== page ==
Entrepreneurial spirits are increasingly enticed by the idea of crowdfunding their projects. Simply put, crowdfunding is a way to raise funds from the general public, often through online platforms and social media. Its appeal is obvious: setting up a crowdfunding campaign and having the vox populi decide is a breeze compared to the paperwork and nervous breakdowns associated with traditional bank loans and investments. While the crowd always remains crucial, the relationship between entrepreneurs and their supporters comes in many shapes and forms. From no-strings attached donations to equity investments, we’ve put together the 5 most common crowdfunding models out there. By Shila Meyer-Behjat and Irene Broer
1. Donation based crowdfunding
Donations are the most straightforward way to crowdfund a project. In its purest form, donations-based crowdfunding runs on philanthropy. The incentive to make a contribution is not financial return or gain. Instead, donators might find their reward in the satisfaction of knowing that their money is going to be used for a good cause, for instance in support of a local charity or by helping a band to record their first album. The public donation model is anything but new (think charity fundraisers), but online platforms have drastically widened the scope of this traditional subsidizing method. Directly supporting a charitable project in columbia or a project that changes child’s life has never been easier.
2. Reward based crowdfunding
The reward system takes donation one step further and is probably the best-known model in crowdfunding. This is what websites such as Kickstarter and IndieGoGo specialize in: supporters are given the opportunity to choose the size of their support and receive special perks in return. The more money is spent, the perkier is the reward. Besides the rewards being a great incentive for people to support, sending out merchandise, invitations to a launch party or mentioning donators in the credits of a crowdfunded film is a wonderful way to thank investors for their contributions.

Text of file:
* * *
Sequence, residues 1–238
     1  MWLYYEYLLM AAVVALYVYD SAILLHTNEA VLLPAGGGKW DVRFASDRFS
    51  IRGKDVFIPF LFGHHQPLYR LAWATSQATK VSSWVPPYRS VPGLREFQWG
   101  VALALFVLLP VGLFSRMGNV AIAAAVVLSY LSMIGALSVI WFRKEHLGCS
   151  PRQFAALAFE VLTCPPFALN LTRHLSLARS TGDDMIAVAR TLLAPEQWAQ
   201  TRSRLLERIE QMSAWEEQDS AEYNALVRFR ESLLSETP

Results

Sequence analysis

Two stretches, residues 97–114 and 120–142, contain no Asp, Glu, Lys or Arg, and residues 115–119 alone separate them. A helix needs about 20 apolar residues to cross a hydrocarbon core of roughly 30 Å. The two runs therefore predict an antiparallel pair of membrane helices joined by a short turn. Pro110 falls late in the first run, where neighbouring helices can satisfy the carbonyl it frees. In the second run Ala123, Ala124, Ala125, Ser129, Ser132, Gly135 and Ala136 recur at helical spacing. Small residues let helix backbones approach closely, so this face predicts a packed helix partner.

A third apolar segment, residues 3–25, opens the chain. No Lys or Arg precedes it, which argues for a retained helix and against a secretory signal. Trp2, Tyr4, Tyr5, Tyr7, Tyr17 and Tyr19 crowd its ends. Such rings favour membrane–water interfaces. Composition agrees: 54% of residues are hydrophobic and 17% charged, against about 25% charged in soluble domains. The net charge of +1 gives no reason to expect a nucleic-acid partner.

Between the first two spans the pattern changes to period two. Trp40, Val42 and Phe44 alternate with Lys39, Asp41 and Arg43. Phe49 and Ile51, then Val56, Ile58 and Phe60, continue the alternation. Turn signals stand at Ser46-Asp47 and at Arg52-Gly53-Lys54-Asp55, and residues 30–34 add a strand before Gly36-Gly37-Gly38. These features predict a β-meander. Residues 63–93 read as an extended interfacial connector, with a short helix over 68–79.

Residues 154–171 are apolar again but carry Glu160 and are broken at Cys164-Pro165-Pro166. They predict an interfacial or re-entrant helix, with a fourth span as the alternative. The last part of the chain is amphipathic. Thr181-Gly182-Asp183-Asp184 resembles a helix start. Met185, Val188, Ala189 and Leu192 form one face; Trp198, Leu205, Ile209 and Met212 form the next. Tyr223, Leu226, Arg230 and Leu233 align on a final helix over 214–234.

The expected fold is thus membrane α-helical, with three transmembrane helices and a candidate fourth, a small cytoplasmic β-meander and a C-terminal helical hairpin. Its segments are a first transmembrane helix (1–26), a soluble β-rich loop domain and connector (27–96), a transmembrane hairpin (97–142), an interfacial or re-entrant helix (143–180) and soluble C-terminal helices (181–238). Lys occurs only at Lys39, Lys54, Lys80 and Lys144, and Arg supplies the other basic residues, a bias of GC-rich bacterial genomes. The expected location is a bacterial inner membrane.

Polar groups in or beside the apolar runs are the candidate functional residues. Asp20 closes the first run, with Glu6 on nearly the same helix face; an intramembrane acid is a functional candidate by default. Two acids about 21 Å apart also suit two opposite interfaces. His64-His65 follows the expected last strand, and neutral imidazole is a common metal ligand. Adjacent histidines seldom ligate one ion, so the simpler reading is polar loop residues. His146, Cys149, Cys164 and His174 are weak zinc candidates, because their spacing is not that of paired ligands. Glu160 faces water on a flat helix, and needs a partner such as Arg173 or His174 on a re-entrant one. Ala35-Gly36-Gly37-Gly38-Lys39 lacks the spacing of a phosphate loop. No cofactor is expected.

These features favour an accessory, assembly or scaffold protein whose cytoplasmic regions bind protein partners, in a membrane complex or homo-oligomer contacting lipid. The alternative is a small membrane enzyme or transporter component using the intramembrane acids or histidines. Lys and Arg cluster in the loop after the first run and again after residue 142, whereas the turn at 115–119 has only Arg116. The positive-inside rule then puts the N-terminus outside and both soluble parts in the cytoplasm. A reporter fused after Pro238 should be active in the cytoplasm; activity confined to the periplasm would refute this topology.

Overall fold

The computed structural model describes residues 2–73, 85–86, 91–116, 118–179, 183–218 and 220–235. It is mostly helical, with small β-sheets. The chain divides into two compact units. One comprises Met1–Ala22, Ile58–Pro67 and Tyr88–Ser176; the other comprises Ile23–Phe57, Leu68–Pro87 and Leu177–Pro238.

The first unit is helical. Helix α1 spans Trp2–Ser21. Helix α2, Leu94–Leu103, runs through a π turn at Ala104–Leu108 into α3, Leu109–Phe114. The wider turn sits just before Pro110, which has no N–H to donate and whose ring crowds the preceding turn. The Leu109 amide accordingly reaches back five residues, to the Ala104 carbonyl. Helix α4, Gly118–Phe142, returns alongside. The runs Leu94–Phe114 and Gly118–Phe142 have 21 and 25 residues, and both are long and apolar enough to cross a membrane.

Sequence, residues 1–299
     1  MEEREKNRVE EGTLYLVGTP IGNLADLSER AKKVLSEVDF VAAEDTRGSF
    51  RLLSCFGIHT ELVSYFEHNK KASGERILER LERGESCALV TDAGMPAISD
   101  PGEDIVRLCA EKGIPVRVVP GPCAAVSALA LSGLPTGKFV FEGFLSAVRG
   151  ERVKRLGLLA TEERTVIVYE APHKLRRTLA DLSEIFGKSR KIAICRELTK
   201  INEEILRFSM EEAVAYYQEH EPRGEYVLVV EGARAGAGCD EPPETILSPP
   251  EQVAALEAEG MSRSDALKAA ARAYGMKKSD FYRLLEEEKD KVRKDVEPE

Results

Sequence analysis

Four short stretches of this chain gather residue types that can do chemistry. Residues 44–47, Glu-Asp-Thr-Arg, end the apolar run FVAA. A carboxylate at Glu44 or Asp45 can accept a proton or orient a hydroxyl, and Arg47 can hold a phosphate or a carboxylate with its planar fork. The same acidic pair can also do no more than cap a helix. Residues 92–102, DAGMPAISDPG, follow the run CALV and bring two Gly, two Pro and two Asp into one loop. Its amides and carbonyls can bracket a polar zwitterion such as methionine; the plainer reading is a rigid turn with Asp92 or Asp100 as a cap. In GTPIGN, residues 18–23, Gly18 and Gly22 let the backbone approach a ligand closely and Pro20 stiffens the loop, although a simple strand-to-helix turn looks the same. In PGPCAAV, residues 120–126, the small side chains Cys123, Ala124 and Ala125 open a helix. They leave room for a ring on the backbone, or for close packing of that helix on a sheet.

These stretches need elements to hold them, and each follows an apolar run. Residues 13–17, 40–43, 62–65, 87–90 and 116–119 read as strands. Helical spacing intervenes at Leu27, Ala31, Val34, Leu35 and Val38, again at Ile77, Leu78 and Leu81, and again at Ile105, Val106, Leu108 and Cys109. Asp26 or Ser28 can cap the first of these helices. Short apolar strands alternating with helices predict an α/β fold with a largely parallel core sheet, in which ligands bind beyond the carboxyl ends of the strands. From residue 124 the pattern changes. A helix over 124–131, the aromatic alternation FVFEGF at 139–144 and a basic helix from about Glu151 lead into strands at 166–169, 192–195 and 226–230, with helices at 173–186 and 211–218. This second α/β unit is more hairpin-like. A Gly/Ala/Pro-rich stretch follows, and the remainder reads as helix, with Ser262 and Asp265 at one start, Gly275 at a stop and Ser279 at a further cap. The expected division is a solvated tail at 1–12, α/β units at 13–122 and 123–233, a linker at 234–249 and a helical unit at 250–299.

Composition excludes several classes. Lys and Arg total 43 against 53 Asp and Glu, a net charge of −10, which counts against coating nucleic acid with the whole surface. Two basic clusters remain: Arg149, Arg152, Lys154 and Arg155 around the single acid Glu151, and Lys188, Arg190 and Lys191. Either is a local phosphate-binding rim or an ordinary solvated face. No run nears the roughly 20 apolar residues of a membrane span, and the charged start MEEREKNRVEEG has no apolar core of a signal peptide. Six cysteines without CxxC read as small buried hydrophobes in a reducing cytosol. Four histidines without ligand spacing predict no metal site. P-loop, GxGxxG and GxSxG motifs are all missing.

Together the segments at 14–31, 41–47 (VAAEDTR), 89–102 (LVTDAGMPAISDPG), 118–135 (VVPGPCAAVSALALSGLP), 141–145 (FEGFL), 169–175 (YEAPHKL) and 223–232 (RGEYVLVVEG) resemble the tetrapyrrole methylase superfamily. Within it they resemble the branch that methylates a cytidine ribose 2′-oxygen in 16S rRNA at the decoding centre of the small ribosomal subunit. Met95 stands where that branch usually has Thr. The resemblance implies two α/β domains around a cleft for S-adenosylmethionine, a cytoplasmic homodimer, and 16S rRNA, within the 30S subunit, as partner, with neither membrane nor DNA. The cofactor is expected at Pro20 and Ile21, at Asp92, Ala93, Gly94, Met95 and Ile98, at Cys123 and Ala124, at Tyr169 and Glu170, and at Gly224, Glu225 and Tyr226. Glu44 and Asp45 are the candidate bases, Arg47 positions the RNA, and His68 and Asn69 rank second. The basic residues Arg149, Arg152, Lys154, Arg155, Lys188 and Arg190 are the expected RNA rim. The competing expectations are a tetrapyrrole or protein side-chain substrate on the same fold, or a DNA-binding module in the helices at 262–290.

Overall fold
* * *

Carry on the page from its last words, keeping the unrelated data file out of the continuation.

3. Pre-sales based crowdfunding
Offering pre-sales is another popular method to enthuse the crowd for a project. It’s similar to the reward system in the sense that investors receive the finished product in return for their contributions. However, instead of the supporters deciding the size of their investment themselves, pre-sales come with a fixed price based on market value and production costs. Before offering pre-sales, entrepreneurs should therefore have thoroughly calculated the costs of manufacturing and shipment and be reasonably sure that their business plan allows for timely production.
4. Lending based crowdfunding
In countries that legally allow for it, crowdfunding platforms offer lending possibilities to entrepreneurs and investors. Unlike traditional lending agreements, peer-to-peer lending, or P2PL, cuts the institutional “middle man”, allowing lenders to choose an investment themselves and entrepreneurs to benefit from lower interest rates. Investors can opt for a social lending model with minimal or no interest at all, or even a forgivable loan where they receive their money back only if and when the project has become profitable. The downside of P2PL is that loans are not contract-based and that consequently, legal guarantees for either party are not easily obtained.
5. Investment based crowdfunding
Crowdinvestment, sometimes jokingly dubbed crowdfunding for grownups, allows for interested parties to receive equity in the companies they support. Investors are able to choose a project based on its future potential or even shared values. Typically, contributors buy shares, which may give them some kind of say in the project. Sometimes, investors only buy a share of the revenue. In this case, contributors don’t have ownership but instead receive a financial reward in case of profit. Obviously, entrepreneurs interested in crowdinvestment require a solid business plan and should be willing to give up some decision-making power to their shareholders.